Ask as many questions as possible during the purchasing process and be sure to remain upfront with those you want to work with.
5. Consider tax deductions — or lack thereof
A final consideration to make when looking to advance your cannabis real estate strategy is gaining familiarity with Internal Revenue Code Section 280E. The 280E tax code rejects deductions and credits for any amount paid in business trades of trafficked or controlled substances — including those made in the cannabis industry.
For cannabis commercial real estate, this means 280E does not consider lease or interest payments as deductible for cannabis businesses. These expenses cannot be deducted from taxes, thereby increasing costs where another business could count on a decrease. It’s vital that cannabis businesses consider this and other key legal codes when making decisions or it could cause immense financial strain and decrease overall profitability. Ensure you are working with a properly trained accountant who knows the ins and outs of the cannabis industry.
On the positive side, sometimes jurisdictions will provide tax benefits or expedited zoning approvals to cannabis companies for bringing jobs to the community. It is always important to involve jurisdictions throughout the process when acquiring or leasing real estate for your cannabis business.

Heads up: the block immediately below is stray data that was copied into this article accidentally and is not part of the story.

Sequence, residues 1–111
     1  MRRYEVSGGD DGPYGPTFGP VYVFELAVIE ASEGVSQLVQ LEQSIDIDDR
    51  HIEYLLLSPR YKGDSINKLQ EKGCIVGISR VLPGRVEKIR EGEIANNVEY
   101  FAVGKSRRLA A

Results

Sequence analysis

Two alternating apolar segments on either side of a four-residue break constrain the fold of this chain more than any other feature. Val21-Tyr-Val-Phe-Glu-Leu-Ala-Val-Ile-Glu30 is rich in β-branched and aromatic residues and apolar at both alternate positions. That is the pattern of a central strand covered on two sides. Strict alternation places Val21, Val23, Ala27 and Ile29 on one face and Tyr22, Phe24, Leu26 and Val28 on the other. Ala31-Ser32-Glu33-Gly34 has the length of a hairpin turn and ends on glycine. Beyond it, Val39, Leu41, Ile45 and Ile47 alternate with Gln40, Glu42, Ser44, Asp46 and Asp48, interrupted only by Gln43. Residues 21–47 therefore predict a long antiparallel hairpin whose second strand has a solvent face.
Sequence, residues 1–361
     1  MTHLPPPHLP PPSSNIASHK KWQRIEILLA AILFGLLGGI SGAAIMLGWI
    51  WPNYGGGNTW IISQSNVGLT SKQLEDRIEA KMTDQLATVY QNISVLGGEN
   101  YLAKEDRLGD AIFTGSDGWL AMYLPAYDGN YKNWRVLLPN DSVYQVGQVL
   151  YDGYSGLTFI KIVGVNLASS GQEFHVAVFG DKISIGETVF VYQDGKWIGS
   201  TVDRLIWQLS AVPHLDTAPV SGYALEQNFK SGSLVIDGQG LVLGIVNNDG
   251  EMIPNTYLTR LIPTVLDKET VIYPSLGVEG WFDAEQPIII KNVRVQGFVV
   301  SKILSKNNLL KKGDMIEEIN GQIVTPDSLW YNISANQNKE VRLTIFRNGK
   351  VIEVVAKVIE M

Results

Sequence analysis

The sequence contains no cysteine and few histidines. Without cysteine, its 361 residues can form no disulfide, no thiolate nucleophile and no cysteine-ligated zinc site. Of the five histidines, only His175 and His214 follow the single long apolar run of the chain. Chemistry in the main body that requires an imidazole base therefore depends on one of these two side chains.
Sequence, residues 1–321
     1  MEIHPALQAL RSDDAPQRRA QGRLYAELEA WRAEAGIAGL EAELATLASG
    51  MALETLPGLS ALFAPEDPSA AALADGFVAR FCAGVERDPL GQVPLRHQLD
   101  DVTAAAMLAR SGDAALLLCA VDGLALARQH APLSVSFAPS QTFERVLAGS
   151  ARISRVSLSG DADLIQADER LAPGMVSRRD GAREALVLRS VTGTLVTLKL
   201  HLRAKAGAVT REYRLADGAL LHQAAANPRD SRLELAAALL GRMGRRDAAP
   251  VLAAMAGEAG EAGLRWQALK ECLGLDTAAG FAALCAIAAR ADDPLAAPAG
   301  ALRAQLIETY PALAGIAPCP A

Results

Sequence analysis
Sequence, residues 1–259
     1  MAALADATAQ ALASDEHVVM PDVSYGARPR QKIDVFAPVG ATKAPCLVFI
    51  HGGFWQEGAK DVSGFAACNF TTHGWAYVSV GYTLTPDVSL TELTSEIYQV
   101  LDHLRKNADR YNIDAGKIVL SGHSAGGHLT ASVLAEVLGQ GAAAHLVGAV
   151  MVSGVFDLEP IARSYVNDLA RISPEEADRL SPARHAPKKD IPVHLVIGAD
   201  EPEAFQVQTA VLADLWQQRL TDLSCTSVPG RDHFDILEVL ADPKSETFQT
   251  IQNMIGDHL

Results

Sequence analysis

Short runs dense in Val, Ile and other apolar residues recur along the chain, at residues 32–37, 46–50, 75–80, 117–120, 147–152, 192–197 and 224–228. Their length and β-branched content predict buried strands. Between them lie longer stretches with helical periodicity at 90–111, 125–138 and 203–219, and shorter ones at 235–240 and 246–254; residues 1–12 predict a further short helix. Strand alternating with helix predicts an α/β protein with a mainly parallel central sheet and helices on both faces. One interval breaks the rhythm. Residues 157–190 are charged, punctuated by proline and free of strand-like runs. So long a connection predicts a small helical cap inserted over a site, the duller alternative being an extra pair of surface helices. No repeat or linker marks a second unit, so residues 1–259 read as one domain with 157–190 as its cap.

The cannabis industry is one of the most exciting, fresh industries to be part of. For those looking to make a splash purchasing property, it is fundamental to be in the know about potential challenges. If you are a cannabis business looking to break into commercial cannabis real estate, be sure to be as prescient as possible before signing the first check for your site. Understand the risks involved and employ the right professionals for the job, and you will be more prepared to handle what comes at you.
Matte Namer is the founder of Cannabeta, a real estate brokerage dedicated to serving the needs of cannabis businesses in New York and New Jersey. Prior to Cannabeta, Namer served as principal of Alfa Development, overseeing more than $500 million of construction projects in downtown Manhattan with a focus on sustainable development.